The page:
Market intelligence shows a steady tightening of cereal supplies on local markets. For example, data disseminated by the market information system operated by the French Red Cross and Central African Red Cross shows a sharp drop in cereal supplies in general and supplies of locally grown rice, maize, and imported rice in particular on tracked markets in Berberati sub-prefecture in Mambéré Kadéi prefecture, though there is still a large availability of cassava. The unavailability of locally grown rice is due to poor local production, while the drop in rice imports from Cameroon could be attributable to security problems. According to the market information system bulletin published by the Red Cross, cereal prices are rising, but cassava prices are falling with the good production of this crop due, mainly, to the growing numbers of crop farmers with the shut-down or slowdown in mining activities. Prices for cattle, sheep, and goats are high, fueled by the drop in supplies on local markets and slowdown in imports from Cameroon. The drop in consignments of animals is a result of the ongoing conflict and associated problems with looting, which have sharply reduced the size of livestock herds. According to the results of the rapid participatory assessment of pastoral conditions in livestock-raising areas of Nana Mambéré prefecture by CRS (Catholic Relief Services), the average number of head of cattle per pastoralist went from 100 head prior to the security crisis down to 30 to 50 head in the case of those pastoralists who still have any remaining livestock. Markets in conflict areas are getting fewer if any shipments of animals with pastoralists fleeing to more secure areas, generally along the border.

    Findings by other more rapid and more localized assessments of the situation in IDP camps and of returnees in certain prefectures show most displaced households with poor food consumption scores. According to the rapid assessment of the situation of returnees in Ndjoukou sub-prefecture in Kemo prefecture by ACF (Action Against Hunger) in July 2015, 97 percent of households had less than a week’s worth of food stocks and a poor or worse food consumption score. Yet another rapid assessment of the situation of displaced populations in Kouanga sub-prefecture in Ouaka prefecture by ACTED (the Agency for Technical Cooperation and Development) in June 2015 showed 100 percent of these households dependent on market purchase for food supplies for household consumption and with poor or worse food consumption scores.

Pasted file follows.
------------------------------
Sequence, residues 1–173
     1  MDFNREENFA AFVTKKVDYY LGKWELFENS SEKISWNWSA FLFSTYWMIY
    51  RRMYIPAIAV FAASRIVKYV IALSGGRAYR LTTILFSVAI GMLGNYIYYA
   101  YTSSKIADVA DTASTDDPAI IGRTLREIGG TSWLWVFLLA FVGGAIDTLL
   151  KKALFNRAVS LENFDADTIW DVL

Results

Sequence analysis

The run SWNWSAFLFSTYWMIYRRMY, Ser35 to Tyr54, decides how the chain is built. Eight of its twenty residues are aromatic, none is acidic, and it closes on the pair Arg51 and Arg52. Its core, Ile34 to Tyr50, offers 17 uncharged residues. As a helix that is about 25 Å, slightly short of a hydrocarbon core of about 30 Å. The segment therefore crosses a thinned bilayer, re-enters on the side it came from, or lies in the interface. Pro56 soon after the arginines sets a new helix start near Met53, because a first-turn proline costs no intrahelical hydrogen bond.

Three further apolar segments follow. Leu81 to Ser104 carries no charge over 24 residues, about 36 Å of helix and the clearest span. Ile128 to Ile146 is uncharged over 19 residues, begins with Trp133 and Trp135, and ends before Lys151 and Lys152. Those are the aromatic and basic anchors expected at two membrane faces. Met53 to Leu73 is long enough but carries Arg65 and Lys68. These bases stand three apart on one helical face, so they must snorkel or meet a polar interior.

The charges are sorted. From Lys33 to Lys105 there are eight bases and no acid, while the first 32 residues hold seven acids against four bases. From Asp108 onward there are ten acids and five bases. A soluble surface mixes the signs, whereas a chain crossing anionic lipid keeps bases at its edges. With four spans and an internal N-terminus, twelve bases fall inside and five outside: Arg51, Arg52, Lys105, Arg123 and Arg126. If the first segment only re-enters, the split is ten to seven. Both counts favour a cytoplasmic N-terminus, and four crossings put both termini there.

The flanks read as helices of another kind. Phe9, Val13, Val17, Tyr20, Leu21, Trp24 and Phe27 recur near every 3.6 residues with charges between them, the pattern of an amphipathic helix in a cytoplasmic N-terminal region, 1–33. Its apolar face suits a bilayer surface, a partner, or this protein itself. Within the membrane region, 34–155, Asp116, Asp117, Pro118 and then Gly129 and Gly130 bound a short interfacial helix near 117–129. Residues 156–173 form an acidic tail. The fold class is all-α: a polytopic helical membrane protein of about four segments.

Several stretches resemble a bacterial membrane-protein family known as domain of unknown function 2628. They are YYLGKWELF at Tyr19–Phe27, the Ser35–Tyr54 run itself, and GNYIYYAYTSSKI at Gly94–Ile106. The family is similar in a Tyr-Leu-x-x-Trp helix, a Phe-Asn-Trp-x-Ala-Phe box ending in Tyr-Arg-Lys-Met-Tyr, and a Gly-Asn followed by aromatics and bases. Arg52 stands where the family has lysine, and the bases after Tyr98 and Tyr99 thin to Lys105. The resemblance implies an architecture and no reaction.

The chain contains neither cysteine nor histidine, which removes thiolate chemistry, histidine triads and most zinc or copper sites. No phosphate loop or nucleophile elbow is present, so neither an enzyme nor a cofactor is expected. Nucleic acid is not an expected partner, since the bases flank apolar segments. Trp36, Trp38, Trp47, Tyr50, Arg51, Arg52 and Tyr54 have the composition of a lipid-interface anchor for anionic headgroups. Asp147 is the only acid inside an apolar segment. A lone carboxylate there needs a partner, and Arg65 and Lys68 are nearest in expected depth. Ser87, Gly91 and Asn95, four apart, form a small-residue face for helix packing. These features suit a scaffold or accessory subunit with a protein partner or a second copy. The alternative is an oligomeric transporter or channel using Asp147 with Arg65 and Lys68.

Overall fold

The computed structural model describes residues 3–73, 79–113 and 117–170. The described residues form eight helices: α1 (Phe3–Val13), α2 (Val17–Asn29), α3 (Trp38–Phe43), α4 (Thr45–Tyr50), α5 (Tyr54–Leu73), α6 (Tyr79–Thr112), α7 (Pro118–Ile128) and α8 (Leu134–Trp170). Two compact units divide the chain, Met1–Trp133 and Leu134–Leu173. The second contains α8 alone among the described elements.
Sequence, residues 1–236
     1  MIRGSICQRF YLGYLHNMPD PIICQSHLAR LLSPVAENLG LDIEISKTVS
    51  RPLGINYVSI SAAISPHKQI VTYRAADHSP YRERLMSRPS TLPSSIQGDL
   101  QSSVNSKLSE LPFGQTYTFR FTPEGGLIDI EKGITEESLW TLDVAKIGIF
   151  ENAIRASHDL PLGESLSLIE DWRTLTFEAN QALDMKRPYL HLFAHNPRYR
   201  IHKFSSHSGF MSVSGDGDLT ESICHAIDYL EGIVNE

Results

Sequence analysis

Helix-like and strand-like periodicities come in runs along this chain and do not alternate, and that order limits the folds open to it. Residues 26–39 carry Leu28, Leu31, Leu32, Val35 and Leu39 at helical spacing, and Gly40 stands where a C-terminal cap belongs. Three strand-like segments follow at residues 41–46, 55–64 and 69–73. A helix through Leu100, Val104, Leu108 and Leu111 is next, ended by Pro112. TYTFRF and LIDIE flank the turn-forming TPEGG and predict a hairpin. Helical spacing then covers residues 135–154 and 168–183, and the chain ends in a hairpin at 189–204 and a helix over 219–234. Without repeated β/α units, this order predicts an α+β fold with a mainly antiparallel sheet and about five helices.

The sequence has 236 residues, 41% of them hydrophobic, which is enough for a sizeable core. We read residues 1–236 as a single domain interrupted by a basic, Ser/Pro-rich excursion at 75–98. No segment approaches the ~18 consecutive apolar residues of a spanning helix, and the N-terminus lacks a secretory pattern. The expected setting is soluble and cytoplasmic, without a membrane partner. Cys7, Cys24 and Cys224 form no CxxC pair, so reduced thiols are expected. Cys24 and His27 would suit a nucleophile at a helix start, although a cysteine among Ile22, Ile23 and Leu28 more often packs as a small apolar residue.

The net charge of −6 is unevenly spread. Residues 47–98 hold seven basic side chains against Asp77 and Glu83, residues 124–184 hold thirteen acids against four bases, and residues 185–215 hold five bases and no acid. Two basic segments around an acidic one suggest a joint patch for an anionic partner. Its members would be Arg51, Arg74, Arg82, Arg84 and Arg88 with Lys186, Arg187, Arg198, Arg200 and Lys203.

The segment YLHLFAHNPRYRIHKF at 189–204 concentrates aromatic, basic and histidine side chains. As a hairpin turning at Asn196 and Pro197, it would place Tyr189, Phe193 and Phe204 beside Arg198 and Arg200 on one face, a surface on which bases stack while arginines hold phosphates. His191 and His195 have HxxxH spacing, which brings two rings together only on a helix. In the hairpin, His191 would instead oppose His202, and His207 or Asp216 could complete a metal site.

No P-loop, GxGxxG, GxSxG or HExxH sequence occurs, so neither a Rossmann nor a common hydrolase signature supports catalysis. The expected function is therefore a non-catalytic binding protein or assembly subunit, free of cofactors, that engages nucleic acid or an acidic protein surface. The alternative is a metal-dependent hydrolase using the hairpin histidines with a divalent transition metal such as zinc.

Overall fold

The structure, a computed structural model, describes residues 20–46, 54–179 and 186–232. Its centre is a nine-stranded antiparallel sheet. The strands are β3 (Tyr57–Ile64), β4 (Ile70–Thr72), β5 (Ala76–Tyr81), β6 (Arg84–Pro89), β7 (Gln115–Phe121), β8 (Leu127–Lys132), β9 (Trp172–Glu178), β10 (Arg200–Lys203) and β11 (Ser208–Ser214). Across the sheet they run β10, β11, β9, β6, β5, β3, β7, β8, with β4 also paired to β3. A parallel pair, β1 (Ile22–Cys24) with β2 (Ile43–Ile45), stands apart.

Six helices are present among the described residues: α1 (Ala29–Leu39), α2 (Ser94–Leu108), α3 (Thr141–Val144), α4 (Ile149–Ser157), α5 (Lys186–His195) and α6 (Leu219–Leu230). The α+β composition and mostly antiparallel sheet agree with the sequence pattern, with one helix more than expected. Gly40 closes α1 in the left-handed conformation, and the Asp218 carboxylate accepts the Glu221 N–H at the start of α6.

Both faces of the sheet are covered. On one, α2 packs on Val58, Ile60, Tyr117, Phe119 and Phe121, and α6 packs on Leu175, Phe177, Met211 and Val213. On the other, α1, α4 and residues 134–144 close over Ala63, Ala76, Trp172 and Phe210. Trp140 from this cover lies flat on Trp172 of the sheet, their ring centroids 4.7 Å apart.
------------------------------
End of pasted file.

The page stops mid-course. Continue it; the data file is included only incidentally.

With the combined effects of the food deficits in past years and shortfall in last year’s crop production, as well as the projected production shortfall for this year due to the smaller cropped areas, a large percentage of displaced households and their host families will continue to face Crisis (IPC Phase 3) levels of food insecurity. Moreover, a small group of IDPs/returnees could be facing Emergency (IPC Phase 4) if civil security problems continue to obstruct the delivery of humanitarian assistance between now and December 2015. According to the results of the food security analysis conducted by the IPC Technical Committee in the Central African Republic in April 2015, the main areas of concern are Ouham, Nana Gribizi, Haute Kotto, Ouham Pende, Mambéré Kadéi, and Ouaka prefectures and Mbrés, Bambari Bambouti, Obo, Zémo, Rafai, Abba, and Boda sub-prefectures, which is consistent with FEWS NET’s understanding of the situation.

    Figures Seasonal calendar in a typical year

    Figure 1

    Seasonal calendar in a typical year

    Source: FEWS NET

    Figure 2

    Source:

    In remote monitoring, a coordinator typically works from a nearby regional office. Relying on partners for data, the coordinator uses scenario development to conduct analysis and produce monthly reports. As less data may be available, remote monitoring reports may have less detail than those from countries with FEWS NET offices. Learn more about our work here.